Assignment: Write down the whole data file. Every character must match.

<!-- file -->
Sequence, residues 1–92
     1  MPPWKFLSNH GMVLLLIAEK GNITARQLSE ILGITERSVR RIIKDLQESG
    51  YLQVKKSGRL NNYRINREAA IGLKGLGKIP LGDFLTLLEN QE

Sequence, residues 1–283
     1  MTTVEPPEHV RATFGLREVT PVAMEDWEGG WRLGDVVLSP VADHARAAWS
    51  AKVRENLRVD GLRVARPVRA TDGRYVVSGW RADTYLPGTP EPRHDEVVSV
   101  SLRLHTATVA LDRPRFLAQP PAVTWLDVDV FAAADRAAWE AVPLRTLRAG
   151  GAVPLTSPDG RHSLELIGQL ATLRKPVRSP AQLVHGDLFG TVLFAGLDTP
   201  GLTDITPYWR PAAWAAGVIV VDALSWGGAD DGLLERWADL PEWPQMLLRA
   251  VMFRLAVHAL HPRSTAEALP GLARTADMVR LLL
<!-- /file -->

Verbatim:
Sequence, residues 1–92
     1  MPPWKFLSNH GMVLLLIAEK GNITARQLSE ILGITERSVR RIIKDLQESG
    51  YLQVKKSGRL NNYRINREAA IGLKGLGKIP LGDFLTLLEN QE

Sequence, residues 1–283
     1  MTTVEPPEHV RATFGLREVT PVAMEDWEGG WRLGDVVLSP VADHARAAWS
    51  AKVRENLRVD GLRVARPVRA TDGRYVVSGW RADTYLPGTP EPRHDEVVSV
   101  SLRLHTATVA LDRPRFLAQP PAVTWLDVDV FAAADRAAWE AVPLRTLRAG
   151  GAVPLTSPDG RHSLELIGQL ATLRKPVRSP AQLVHGDLFG TVLFAGLDTP
   201  GLTDITPYWR PAAWAAGVIV VDALSWGGAD DGLLERWADL PEWPQMLLRA
   251  VMFRLAVHAL HPRSTAEALP GLARTADMVR LLL